Also on the horizon is the expanded use of videoconferencing – another electronic
improvement that will save money and protect citizens’ lives. After a conviction and sentence to prison, post-trial hearings require courts to send security teams to pick up the prisoner and bring him to court. Without encroaching on the constitutional right of confrontation, we could videoconference the inmate’s testimony from his prison cell. Again, the technology already exists.
Our Committee on Technology will be at the forefront of guiding our courts into the 21st century.


As Georgia grows, it grows more diverse.
Our Georgia courts are required by the federal government to provide language services free of charge to litigants and witnesses, not only in criminal cases but in civil cases as well.
Even for fluent English speakers, the judicial system can be confusing and unwelcoming.
My vision for Georgia’s judiciary in the 21st century is that every court, in every city and every county in Georgia, will have the capacity of serving all litigants, speaking any language, regardless of national origin, from the moment they enter the courthouse until the moment they leave. That means that on court websites, signs and forms will be available in multiple languages, that all court staff will have the tools they need to assist any customers, and that court proceedings will have instant access to the interpreters of the languages they need.
Chief Magistrate Kristina Blum of the Gwinnett County Magistrate Court has been
working hard to ensure access to justice for all those who come to her court, most of whom are representing themselves.
Recently her court created brochures that provide guidance for civil trials, family
violence matters, warrant applications, garnishments, and landlord-tenant disputes. These brochures provide basic information about each proceeding – what to expect and how best to present their case in court.
Judge Blum, who is in line to be president of the Council of Magistrate Judges and is a member of our Judicial Council, has had the brochures translated into Spanish, Korean and Vietnamese. Such non-legalese forms and tutorial videos that our citizens can understand go a long way toward building trust in the judicial system, and in our entire government.
The Supreme Court Commission on Interpreters, chaired by Justice Keith Blackwell, is
making significant strides in ensuring that our courts uphold the standards of due process. With the help of Commission member Jana Edmondson-Cooper, an energetic attorney with the Georgia Legal Services Program, the Commission is working around the state to educate judges,court administrators and lawyers on the judiciary’s responsibilities in providing language assistance.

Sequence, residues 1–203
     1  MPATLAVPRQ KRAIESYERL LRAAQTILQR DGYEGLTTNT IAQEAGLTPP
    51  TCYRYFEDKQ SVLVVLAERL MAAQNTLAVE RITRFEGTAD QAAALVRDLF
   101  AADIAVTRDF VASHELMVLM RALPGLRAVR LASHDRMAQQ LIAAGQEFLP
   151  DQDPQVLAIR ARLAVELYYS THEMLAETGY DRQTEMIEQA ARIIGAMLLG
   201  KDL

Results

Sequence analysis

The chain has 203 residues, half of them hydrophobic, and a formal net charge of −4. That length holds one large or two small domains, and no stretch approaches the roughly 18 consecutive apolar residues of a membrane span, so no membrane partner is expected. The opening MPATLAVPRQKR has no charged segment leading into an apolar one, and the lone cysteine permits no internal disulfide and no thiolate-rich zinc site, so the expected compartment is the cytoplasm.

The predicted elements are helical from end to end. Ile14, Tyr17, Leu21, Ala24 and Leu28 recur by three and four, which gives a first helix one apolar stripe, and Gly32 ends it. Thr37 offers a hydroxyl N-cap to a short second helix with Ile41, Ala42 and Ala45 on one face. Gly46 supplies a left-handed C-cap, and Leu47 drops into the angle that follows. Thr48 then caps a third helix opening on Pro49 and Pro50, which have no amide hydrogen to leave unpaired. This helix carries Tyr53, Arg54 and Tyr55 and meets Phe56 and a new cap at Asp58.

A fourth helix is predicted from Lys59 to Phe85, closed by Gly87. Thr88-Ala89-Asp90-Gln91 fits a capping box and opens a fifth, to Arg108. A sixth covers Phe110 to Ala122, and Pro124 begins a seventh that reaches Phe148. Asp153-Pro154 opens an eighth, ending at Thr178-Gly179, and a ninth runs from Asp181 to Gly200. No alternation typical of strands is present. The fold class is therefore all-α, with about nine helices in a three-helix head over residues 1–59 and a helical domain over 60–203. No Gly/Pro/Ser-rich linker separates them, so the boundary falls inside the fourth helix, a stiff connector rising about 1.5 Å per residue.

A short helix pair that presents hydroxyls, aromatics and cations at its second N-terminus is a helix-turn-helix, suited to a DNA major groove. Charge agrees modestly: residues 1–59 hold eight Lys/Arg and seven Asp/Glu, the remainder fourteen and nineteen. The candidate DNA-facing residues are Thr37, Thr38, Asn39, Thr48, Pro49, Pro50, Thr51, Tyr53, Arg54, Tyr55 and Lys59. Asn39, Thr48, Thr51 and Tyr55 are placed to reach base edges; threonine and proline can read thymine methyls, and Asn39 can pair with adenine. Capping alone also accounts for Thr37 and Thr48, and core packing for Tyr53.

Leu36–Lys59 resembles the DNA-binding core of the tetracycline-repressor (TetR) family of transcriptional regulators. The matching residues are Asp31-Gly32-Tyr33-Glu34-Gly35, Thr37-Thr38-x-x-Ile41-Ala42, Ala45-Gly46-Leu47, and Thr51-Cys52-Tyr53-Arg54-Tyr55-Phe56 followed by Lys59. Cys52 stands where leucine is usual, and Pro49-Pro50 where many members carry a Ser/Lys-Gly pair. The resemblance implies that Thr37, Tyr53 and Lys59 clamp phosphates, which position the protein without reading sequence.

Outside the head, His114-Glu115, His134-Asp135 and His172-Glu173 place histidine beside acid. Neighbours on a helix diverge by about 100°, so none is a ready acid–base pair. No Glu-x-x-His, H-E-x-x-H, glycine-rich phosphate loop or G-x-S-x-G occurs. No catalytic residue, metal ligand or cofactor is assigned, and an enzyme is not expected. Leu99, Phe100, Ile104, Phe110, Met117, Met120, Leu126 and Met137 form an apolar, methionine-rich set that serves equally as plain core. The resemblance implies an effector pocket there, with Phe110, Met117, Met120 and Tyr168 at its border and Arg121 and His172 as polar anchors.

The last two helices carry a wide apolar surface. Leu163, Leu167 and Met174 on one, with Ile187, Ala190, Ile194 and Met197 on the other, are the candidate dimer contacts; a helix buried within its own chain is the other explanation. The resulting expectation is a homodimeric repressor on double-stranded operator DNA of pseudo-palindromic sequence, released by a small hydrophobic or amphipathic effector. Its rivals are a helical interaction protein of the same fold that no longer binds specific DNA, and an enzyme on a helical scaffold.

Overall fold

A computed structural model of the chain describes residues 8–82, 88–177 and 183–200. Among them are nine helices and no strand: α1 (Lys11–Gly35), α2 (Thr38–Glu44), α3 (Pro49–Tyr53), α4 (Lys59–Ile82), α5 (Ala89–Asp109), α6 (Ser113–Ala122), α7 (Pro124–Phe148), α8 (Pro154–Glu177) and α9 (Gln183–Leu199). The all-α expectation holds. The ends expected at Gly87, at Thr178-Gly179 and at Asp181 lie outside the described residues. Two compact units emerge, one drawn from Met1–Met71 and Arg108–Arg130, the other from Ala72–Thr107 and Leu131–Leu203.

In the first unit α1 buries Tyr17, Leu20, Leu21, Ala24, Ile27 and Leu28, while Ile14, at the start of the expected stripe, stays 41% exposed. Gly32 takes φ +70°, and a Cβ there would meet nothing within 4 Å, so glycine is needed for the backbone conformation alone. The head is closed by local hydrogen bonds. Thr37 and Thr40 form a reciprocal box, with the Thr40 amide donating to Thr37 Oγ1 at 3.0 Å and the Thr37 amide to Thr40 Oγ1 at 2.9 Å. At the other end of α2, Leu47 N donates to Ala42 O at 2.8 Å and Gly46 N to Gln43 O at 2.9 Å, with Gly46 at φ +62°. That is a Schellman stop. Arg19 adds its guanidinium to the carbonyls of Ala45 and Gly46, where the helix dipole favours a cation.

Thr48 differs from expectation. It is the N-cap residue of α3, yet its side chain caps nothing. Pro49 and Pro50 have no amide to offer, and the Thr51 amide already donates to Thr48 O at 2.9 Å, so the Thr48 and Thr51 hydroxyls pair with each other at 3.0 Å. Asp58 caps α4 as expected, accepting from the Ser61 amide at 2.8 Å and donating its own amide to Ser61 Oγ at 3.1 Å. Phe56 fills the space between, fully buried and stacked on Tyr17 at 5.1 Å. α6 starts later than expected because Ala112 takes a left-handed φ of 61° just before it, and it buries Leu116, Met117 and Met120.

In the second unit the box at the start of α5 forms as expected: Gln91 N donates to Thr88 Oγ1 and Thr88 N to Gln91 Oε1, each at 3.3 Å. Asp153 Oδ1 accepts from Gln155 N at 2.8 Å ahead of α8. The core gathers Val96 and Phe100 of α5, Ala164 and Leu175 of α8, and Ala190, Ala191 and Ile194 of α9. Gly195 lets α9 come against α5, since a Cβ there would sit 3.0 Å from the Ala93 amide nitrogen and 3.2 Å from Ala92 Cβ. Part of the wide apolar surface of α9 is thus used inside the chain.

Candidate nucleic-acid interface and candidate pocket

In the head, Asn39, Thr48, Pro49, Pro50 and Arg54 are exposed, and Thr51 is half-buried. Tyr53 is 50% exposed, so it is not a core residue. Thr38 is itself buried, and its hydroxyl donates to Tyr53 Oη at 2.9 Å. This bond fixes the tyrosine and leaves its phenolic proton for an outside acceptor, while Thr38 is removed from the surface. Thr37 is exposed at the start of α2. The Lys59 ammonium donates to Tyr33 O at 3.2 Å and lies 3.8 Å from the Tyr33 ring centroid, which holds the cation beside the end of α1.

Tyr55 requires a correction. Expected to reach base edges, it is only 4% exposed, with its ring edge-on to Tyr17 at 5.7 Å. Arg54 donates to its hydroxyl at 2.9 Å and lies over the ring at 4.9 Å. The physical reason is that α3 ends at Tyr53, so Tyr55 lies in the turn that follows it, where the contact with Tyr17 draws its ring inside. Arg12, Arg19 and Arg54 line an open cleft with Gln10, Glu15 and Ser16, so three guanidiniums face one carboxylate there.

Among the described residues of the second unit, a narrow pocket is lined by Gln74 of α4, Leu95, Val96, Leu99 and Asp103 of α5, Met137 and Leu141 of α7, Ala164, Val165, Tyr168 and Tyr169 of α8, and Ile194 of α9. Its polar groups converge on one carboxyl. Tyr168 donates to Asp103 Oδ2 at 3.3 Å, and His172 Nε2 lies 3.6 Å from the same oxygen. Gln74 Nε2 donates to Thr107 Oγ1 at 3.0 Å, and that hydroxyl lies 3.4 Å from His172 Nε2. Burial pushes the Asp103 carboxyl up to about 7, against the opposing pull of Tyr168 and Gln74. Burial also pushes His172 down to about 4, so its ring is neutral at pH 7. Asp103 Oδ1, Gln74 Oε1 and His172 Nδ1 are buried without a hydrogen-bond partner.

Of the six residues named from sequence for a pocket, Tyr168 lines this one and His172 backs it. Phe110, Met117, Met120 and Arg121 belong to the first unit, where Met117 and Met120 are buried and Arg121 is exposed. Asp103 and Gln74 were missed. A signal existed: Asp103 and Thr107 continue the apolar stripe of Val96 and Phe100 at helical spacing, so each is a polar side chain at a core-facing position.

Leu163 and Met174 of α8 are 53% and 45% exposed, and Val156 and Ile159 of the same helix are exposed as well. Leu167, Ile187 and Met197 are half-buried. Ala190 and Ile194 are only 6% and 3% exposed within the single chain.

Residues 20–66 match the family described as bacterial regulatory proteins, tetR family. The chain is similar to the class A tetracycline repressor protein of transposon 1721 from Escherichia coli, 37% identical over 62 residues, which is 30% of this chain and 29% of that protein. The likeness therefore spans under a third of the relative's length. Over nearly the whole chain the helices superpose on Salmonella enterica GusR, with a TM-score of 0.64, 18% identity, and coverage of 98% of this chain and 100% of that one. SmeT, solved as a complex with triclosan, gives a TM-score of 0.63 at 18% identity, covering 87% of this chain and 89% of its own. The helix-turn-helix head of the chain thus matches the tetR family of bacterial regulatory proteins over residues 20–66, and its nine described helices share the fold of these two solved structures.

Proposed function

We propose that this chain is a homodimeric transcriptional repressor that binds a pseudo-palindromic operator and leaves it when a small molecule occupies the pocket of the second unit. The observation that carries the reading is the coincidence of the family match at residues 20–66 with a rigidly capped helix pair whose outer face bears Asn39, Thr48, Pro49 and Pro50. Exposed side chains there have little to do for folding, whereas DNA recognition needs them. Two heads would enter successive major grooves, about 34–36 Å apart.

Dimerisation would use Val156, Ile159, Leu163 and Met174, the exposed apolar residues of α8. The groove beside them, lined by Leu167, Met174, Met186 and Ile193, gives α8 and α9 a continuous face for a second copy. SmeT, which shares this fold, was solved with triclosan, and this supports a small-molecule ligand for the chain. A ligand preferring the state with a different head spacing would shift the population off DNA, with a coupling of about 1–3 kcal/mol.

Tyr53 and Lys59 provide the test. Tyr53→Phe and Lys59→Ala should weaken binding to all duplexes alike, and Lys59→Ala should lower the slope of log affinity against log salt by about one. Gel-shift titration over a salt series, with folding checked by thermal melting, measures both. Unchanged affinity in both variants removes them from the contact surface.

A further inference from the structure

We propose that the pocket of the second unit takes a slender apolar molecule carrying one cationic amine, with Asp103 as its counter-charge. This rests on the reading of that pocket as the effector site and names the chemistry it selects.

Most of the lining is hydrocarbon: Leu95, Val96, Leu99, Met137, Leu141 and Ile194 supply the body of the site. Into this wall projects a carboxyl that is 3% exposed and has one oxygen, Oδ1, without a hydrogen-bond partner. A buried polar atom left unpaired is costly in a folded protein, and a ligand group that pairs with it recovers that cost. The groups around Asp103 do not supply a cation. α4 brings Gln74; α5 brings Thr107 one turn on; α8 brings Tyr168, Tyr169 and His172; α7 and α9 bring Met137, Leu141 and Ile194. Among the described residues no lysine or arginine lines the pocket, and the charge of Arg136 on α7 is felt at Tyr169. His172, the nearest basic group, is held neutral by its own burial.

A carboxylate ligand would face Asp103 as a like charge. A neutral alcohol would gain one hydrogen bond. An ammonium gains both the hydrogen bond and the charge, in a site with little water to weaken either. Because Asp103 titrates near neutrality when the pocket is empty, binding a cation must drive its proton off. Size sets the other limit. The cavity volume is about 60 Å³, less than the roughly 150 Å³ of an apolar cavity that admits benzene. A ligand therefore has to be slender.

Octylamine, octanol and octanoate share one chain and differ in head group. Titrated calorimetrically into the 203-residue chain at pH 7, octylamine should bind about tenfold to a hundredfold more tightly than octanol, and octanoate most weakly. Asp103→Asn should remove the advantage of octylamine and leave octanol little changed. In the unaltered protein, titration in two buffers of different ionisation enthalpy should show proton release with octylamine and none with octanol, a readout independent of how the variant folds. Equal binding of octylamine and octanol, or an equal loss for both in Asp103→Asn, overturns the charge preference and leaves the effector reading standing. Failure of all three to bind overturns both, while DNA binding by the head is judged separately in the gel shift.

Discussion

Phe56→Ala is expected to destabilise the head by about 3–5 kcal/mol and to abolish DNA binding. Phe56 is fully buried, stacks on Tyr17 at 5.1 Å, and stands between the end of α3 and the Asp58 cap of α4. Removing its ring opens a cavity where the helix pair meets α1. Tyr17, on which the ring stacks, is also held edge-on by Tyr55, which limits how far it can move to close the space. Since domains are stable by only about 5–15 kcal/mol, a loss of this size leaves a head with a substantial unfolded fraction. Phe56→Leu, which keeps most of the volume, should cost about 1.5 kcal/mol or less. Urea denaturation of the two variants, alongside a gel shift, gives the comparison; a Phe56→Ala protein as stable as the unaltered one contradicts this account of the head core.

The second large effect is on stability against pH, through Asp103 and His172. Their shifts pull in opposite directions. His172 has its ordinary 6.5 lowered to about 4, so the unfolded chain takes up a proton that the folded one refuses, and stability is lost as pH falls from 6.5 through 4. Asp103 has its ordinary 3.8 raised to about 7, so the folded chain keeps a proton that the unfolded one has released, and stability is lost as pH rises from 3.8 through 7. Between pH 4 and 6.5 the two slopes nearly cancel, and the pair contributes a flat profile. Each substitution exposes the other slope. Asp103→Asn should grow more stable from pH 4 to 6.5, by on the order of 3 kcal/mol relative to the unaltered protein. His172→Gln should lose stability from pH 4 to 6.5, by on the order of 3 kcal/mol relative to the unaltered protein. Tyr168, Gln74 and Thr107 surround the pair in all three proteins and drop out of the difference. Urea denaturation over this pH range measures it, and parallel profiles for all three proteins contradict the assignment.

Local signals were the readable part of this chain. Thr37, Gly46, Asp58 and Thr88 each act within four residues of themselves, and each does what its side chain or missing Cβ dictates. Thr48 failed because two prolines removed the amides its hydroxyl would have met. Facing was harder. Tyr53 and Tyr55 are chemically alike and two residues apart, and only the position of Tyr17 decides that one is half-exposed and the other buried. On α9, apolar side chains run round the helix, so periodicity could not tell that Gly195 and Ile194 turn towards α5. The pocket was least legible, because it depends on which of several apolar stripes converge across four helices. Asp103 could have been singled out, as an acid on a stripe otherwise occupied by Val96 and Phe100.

The essence of due process is the opportunity to be heard. Our justice system is the envy of other countries because it is open and fair to everyone seeking justice. By helping those who have not yet mastered English, we reinforce the message that the doors to the best justice system in the world are open to everyone.
Our law demands it. Our Constitution demands it.


The courts of the 21st century will symbolize a new era. A turning point in our history occurred when we realized there was a smarter way to handle criminals.
Six years ago, my colleague and then Chief Justice Carol Hunstein accompanied
Representative Wendell Willard to Alabama to explore how that state was reforming its criminal justice system. Back in Georgia, Governor Deal seized the reins, brought together the three branches of government, and through extraordinary leadership, has made criminal justice reform a reality. Georgia is now a model for the nation.
Today, following an explosive growth in our prison population that doubled between
1990 and 2011 and caused corrections costs to top one billion dollars a year, last year our prison population was the lowest it has been in 10 years. Our recidivism rate is the lowest it’s been in three decades. And we have turned back the tide of rising costs.
For the last five years, the Georgia Council on Criminal Justice Reform – created by the governor and your legislation – has been busy transforming our criminal justice system into one that does a better job of protecting public safety while holding non-violent offenders accountable and saving millions in taxpayer dollars. I am extremely grateful to this Council and commend the steady leadership of co-chairs Judge Michael Boggs of the Court of Appeals and Thomas Worthy of the State Bar of Georgia.
Throughout this historic reform, Georgia’s trial court judges have been in the trenches.
Our number one goal in criminal justice reform is to better protect the safety of our citizens.
Central to that goal is the development of our specialty courts – what some call accountability courts.